Language Selection

English French German Italian Portuguese Spanish

‘Free’ comes at a cost

Filed under
OSS

I READ with great interest the article (Open up and be free, StarMag April 15) by Dzof Azmi. It was a nice change to see that an important topic often discussed by “techies” is finally explained in layman’s terms rather than technical jargon.

While I applaud the writer’s attempt to explain Open Source Software (OSS), I think readers should be made aware that there is a lot more to this issue.

Firstly, there is still a lot of confusion over the term OSS. It is called “Open Source” not because it is free but because the user can look at the source code and is free to make any changes he likes and distribute it under certain terms.

Note that not everybody can make these changes since you’d need to understand the coding first.

Only GNU Free software is free software. (GNU is a recursive acronym for “GNU’s Not Unix”; it is pronounced guh-noo, approximately like canoe. For more information, visit www.gnu.org.

Open Source has a cost. The cost is setting up the software (if you have the skills) and you may have to engage the services of others to run it. This involves spending time and money.

I believe Malaysians don’t use open source software because of the lack of knowledge and skills in configuring the computer.

Windows hides its implementation under the hood, so it’s easy to use. Mac does the same thing but costs a lot more. Linux and FreeBSD expose their guts to the user, which makes the software scarier to the uninitiated.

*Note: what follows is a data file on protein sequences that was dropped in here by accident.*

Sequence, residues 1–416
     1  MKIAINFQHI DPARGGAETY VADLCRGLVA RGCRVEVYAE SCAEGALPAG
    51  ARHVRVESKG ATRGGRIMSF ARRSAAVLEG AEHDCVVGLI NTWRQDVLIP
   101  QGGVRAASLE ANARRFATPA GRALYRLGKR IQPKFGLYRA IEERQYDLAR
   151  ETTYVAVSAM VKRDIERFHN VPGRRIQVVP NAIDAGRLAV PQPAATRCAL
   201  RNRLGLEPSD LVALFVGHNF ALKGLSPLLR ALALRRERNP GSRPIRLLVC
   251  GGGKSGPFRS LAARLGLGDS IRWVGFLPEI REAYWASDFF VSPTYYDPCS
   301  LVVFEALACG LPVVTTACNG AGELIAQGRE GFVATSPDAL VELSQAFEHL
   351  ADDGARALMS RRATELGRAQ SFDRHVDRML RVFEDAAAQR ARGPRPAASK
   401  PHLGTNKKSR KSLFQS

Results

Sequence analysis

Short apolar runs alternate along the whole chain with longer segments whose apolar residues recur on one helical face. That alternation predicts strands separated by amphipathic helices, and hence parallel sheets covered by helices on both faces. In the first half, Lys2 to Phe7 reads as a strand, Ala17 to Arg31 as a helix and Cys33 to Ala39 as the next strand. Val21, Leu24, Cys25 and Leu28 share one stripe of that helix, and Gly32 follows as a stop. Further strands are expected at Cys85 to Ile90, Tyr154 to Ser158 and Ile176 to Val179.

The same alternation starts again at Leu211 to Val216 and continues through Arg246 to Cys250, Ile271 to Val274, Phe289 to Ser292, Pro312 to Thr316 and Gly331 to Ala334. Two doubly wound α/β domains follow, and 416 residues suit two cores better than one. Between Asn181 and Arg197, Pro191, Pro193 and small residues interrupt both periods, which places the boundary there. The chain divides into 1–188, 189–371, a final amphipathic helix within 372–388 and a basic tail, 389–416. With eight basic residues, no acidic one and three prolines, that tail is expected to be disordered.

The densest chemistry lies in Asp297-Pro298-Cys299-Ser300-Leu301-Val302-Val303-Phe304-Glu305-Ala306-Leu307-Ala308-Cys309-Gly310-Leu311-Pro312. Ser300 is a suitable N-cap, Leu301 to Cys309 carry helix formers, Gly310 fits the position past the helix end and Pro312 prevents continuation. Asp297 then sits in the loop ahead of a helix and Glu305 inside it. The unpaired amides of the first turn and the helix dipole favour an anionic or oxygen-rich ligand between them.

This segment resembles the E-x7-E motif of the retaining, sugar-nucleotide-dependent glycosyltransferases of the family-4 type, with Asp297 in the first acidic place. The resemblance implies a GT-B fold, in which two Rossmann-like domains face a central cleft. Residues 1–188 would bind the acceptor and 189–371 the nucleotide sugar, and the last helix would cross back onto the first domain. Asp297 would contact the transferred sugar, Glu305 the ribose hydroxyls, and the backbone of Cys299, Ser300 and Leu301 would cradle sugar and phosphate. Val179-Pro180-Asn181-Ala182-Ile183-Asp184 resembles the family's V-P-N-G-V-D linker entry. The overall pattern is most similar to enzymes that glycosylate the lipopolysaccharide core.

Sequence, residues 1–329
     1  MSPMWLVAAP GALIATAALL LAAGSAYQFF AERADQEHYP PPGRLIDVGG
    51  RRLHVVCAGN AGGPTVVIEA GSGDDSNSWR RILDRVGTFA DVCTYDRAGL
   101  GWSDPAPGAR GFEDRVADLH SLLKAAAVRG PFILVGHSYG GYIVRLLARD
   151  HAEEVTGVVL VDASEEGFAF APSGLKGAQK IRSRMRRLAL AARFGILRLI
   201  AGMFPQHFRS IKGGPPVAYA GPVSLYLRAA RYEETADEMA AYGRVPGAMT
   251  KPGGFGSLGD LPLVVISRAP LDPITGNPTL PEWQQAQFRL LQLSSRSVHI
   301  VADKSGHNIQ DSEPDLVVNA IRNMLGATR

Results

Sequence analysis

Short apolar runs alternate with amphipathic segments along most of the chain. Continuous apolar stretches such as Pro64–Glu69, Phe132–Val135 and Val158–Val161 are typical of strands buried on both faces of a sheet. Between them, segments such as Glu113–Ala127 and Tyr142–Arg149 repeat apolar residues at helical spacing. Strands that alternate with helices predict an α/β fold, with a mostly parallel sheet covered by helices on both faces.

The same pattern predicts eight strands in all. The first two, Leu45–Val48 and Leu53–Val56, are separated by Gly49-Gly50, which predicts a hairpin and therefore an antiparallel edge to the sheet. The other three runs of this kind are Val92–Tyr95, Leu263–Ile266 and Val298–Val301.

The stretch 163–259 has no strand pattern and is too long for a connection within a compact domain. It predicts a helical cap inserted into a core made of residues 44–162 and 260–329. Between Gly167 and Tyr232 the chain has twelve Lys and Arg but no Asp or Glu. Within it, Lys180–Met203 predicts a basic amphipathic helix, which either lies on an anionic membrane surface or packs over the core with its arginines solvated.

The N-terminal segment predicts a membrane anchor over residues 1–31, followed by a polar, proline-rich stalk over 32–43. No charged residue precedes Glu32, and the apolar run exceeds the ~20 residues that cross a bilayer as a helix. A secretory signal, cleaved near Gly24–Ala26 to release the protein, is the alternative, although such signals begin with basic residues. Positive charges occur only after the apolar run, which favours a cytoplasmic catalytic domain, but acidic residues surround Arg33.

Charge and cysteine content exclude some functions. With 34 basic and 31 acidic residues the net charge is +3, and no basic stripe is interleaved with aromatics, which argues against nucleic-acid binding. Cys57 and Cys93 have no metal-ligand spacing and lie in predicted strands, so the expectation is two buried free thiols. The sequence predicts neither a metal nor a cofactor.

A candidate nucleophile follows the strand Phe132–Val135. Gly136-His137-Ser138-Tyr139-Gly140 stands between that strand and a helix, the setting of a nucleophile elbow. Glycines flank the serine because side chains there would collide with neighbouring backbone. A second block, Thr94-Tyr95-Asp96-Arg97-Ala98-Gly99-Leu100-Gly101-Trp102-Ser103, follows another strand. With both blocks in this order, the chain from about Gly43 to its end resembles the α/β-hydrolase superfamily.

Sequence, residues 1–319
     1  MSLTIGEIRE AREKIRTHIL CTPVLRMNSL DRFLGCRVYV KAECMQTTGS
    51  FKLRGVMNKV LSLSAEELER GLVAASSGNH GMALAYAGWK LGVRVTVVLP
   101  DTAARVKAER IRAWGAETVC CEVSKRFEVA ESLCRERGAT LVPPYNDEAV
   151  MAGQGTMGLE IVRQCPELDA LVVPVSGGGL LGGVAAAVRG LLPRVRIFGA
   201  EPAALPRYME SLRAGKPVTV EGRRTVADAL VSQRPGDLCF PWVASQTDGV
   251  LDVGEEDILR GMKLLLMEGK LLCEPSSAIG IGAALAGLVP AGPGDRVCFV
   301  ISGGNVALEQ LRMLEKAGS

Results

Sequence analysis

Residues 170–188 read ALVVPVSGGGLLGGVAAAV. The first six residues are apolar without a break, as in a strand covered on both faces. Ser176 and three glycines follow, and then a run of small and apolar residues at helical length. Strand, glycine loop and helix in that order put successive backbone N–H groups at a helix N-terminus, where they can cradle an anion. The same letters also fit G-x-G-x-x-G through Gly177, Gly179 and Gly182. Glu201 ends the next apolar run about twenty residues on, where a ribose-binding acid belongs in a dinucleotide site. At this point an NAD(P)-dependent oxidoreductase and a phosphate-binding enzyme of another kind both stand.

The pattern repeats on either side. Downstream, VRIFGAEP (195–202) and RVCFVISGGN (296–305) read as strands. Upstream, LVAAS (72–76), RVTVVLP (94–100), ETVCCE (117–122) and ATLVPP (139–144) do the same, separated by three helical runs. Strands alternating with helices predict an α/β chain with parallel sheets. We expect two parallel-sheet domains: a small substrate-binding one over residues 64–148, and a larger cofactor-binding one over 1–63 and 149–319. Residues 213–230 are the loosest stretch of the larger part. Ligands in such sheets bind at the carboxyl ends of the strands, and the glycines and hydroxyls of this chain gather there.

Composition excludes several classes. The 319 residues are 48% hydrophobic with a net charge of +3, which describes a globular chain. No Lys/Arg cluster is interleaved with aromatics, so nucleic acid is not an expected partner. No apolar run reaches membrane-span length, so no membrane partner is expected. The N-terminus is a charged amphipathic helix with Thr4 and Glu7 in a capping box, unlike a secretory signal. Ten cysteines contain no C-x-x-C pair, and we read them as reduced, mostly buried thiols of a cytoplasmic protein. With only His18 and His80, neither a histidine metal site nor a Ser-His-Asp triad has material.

Only technically proficient users can bear using Linux or FreeBSD on a daily basis.

Full Story.

More in Tux Machines

Firefox OS media-casting stick strikes Kickstarter gold

The first Firefox OS based media player has arrived on Kickstarter, in the form of a $25 open-spec HDMI stick that supports Chromecast-like content casting. The Matchstick, which has already zoomed past its Kickstarter campaign’s $100,000 funding goal, with 28 days still remaining, was teased back in June by Mozilla developer evangelist Christian Heilmann. The unnamed prototype was billed as an open source HDMI stick that runs Mozilla’s Linux-based Firefox OS and offers casting capabilities. Few details were revealed at the time except that the device used the same DIAL (DIscovery And Launch) media-casting protocol created by Netflix and popularized by Google’s Chromecast. Read more

Open source history, present day, and licensing

Looking at open source softwares particularly, this is a fact that is probably useful to you if you are thinking about business models, many people don't care about it anymore. We talk about FOSS, Free and Open Source Software, but if we really are strict there's a difference between free software and open source software. On the left, I have free software which most typically is GPL software. Software where the license insures freedom. It gives freedoms to you as a user, but it also requires that the freedoms are maintained. On the right-hand side, you have open source software which is open for all, but it also allows you to close it. So here we come back to the famous clause of the GPL license, the reciprocity requirement which says, "If I am open, you need to be open." So software that comes under the GPL license carries with it something that other people call a virus. I call it a blessing because I think it's great if all software becomes open. Read more

Leftovers: Software

Proprietary

today's howtos